Motorola is the company that literally pioneered mobile communications. Once an industry giant, the handset maker has since fallen on hard times and many (including yours truly) have questioned whether Moto can get its mojo back. They haven't had a successful new product since the iconic Razor, which launched them on a meteoric rise to success earlier in the decade – in a time when common feature phones (or dumb phones as I like to think of them) ruled the marked. But feature phones gave way to the rise of smartphones, and the big M has been in a free fall ever since.

How this happened is no mystery. Motorola is one of those companies that never seemed to grasp the importance and interplay between software and hardware. Their philosophy, like so many others at the time, was that if you made a sleek shiny phone, consumers would buy it no matter how what software it ran on, or how bad. To that end Motorola phones looked cool, but the software that powered them was anything but. In fact, Motorola's proprietary mobile platform represented the absolute worst user experience in the industry. Nokia's Symbian operating system looks like OSX to Motorola's un-namable and utterly forgettable OS.

As a market slowly built up around smartphones, Motorola continued to limp along with its outdated design philosophy (hardware first, software second – a mere afterthought) and the hemorrhaging began. Moto's market share began to plummet, and by the time they jumped on board the smartphone bandwagon it was too late. Previously unheard of Taiwanese  handset makers like HTC suddenly became rising stars and household names. And once Apple entered the market, Moto was doomed. While the fat lady may not have sung just yet, she can be heard clearing her throat in the next room.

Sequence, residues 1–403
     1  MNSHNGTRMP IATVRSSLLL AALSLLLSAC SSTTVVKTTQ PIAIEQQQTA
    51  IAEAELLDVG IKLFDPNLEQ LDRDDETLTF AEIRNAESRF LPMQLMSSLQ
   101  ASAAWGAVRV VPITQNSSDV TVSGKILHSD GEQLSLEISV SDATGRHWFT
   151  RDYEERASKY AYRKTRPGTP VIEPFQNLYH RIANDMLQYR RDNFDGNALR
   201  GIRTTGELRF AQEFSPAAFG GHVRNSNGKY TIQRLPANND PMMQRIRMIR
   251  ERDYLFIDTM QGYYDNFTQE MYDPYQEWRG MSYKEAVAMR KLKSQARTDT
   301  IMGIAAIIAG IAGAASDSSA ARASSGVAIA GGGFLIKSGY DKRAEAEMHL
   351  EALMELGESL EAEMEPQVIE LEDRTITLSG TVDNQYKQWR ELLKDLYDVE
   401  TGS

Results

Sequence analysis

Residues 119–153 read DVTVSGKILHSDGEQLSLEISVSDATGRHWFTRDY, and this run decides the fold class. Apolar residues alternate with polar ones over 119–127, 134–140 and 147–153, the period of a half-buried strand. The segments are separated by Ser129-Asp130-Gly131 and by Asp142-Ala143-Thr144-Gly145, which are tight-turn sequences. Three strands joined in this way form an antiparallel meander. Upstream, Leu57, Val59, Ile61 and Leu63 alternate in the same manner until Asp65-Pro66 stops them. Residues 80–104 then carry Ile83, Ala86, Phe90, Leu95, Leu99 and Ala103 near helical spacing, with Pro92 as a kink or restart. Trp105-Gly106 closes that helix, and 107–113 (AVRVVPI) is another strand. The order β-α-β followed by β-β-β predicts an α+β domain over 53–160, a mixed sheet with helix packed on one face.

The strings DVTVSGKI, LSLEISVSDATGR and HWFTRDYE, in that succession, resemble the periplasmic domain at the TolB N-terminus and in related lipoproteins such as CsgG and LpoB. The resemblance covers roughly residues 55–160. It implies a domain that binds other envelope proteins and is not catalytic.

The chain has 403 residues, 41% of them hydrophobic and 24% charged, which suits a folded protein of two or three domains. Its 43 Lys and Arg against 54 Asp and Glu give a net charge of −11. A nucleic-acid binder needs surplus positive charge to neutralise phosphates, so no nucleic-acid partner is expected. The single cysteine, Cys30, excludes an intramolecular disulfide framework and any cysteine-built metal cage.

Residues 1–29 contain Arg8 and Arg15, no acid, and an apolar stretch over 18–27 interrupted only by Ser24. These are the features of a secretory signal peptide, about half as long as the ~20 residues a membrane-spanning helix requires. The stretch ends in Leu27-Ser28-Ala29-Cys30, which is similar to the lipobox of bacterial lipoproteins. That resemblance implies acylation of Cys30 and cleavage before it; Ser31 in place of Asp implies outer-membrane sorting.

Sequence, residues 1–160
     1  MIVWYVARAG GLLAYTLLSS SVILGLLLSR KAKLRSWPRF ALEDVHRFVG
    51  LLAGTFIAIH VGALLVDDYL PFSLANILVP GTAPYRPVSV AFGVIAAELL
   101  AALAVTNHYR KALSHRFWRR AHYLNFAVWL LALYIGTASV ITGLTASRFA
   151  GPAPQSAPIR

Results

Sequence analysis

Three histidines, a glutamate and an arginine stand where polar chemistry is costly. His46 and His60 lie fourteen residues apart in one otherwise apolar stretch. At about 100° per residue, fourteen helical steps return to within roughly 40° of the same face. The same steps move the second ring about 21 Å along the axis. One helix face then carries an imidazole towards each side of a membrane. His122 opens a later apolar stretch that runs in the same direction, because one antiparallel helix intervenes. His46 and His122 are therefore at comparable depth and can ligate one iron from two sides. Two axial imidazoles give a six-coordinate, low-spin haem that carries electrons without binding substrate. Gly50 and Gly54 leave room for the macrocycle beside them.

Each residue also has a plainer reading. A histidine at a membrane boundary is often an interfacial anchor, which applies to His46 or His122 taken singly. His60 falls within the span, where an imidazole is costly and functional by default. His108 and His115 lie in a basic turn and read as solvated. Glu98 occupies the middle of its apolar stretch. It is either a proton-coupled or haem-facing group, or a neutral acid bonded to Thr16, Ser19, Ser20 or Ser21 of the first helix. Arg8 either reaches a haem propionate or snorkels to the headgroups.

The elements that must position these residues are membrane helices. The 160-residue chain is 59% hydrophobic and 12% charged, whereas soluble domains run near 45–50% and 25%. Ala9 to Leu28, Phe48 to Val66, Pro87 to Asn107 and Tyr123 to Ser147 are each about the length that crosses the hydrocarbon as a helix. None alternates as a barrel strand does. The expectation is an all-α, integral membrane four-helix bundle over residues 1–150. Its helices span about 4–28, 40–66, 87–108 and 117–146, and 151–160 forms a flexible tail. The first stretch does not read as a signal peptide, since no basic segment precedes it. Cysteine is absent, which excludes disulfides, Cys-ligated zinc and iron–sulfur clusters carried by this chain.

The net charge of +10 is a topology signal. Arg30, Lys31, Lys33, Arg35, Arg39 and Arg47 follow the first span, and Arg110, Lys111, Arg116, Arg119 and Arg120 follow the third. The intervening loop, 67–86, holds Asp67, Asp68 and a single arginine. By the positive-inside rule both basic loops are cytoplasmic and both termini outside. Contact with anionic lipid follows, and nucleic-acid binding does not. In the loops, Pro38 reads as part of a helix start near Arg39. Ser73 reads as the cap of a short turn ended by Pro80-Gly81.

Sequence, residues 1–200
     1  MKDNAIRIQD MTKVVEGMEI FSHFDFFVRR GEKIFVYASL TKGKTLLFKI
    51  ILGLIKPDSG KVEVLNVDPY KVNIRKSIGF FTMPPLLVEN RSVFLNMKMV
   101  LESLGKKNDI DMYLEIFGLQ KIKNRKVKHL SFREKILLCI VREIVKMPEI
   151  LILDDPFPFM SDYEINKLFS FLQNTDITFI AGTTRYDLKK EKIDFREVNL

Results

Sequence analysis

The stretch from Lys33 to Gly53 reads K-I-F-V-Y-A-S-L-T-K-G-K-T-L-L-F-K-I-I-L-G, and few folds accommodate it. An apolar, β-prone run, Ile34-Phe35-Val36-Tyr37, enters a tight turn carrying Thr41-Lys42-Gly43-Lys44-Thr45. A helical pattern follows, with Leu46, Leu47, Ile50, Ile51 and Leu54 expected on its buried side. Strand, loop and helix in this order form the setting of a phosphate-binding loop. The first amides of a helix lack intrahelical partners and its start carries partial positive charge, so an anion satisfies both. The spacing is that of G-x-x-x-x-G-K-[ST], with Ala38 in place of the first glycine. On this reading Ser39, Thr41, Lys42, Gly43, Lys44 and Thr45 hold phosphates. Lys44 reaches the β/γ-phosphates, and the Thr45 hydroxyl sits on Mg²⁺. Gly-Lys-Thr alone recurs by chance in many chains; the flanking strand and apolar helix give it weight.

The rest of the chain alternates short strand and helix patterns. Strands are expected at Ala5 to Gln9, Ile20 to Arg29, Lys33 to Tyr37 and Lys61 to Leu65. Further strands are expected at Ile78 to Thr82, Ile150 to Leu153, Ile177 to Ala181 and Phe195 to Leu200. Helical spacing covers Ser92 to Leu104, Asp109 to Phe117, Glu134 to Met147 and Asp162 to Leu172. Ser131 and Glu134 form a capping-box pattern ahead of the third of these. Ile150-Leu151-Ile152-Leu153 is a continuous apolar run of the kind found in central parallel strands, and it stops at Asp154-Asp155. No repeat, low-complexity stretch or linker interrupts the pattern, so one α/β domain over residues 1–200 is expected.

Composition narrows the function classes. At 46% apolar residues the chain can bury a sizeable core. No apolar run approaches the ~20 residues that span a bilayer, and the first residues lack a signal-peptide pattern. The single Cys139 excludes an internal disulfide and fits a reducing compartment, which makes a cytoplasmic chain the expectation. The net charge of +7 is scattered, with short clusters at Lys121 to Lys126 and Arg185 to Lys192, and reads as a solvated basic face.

The last hope for Motorola may be in the form of the Droid phone, set to debut on Verizon's network. It's an ambitious device that puts them back in the game with a credible product. But in the end it will take a highly successful and ubiquitous mainstream device to put them on path to success. In short, they need another Razor. And Droid isn't it. For starters, it is high end device – very good high end Android device, but top tier non-the-less. They company should be aiming down market with an affordable product that everyone covets and can afford – something that runs on Android. Motorola should design an a simple iconic device, perhaps in the form factor of a Blackberry, that has mass appear, and can be had for free (with contract) or under $50. Do this and the chance is high that Motorola will set the market on fire and regain its mojo. As it stands now I see Droid as an ambitious yet futile effort to make inroads in a market they've already lost. Will Motorola succeed – what do you think?